By: Jennifer M. Morrison

Working for yourself seems like a dream job—and it can be, but it can also be fraught with situations and issues that trip you up. Entrepreneur Mylene Hollick, a military wife and mother, knows about those potholes firsthand.

A graduate of North Texas University, Hollick put her career on hold after her two children were born. As a military spouse, she says it was important to be home for their family, while her husband’s service required him to travel often. As her kids have grown, she felt the urge to refresh her identity by founding Jetset Destinations, an independent travel agency, in late 2015.

Hollick saw current and future flexibility as a top priority when it came to re-entering the workforce, something that employment at an established travel agency couldn’t necessarily guarantee her.

“I started my own company because it gave me the flexibility to set my own hours. I still have kids at home, so I want to be able to be there for them whenever they need me. Also, starting my own travel agency means that I can move as my husband moves. All I really need is my laptop and really good Wi-Fi,” she said.

Starting this business wasn’t clear skies and smooth sailing, though. Quieting her inner critic has been important in finding success. 

“The biggest obstacle for me was overcoming the perception that my company was less than larger agencies or even booking travel online,” Hollick explained. She found that her clients sought out her services, not for cheaper rates or ease, but because of her knowledge.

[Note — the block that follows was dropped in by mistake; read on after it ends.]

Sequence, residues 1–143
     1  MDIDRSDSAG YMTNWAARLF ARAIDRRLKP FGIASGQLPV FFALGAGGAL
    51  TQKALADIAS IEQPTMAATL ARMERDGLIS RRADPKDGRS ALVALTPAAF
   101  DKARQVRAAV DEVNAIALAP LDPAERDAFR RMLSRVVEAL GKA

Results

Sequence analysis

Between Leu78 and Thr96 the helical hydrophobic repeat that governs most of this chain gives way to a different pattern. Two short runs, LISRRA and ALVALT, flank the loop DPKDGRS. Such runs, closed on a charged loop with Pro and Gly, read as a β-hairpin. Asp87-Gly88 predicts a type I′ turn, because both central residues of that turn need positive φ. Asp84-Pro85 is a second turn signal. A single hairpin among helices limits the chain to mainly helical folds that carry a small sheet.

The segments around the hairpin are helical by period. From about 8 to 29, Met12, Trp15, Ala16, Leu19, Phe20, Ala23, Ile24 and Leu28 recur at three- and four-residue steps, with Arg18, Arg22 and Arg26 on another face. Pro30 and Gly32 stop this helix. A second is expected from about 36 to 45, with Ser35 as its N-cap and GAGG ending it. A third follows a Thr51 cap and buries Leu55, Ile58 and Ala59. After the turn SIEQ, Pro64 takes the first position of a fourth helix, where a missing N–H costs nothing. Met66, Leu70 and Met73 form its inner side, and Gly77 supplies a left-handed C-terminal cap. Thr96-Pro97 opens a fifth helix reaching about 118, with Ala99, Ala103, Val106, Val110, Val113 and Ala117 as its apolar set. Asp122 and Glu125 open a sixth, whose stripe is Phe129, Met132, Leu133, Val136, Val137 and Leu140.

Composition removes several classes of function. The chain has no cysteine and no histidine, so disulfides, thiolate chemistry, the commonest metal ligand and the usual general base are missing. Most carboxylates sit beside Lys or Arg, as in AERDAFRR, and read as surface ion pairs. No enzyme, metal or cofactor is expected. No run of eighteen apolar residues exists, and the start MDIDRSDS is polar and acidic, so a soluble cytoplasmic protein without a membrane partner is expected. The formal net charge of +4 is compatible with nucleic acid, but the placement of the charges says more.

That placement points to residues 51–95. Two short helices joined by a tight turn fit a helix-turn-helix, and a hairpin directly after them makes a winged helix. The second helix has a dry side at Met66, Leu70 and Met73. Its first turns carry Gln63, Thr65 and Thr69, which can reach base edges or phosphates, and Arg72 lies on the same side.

“My clients are the ones who know what they want to do, but don’t really know where to go. For example, most people call me and say, ‘I want to go away for spring break.’ They have dates, but don’t know where to go from there. I talk them through what they want and need and how they picture themselves on this vacation,” she said.

From there, she creates a unique and tailored vacation for each of her customers. However, personalized customer service and entrepreneurship have their drawbacks.

“The downside is putting a limit on when I work. Right now, I feel like I’m working all the time.  I check my email constantly, and I want to give the best customer service I can, so I’m in constant communication,” she said. “Eventually, I’ll have office hours.”

It’s also not a job for those who are disorganized—staying on top of deadlines for multiple customers at once can be stressful, and the results of a missed confirmation can spell disaster for someone’s travel plans.

Still, owning her own business hasn’t been all work and no play. Hollick and her family have utilized her knowledge and skills to travel to locations across the United States, the Caribbean, and Scotland, and they’re eyeing up a trip to Italy in the near future.

When asked what advice she’d give to someone just starting out as an entrepreneur, Hollick recommended obtaining the support of family and friends, learning to network in person and through social media, and “getting a proper email address.”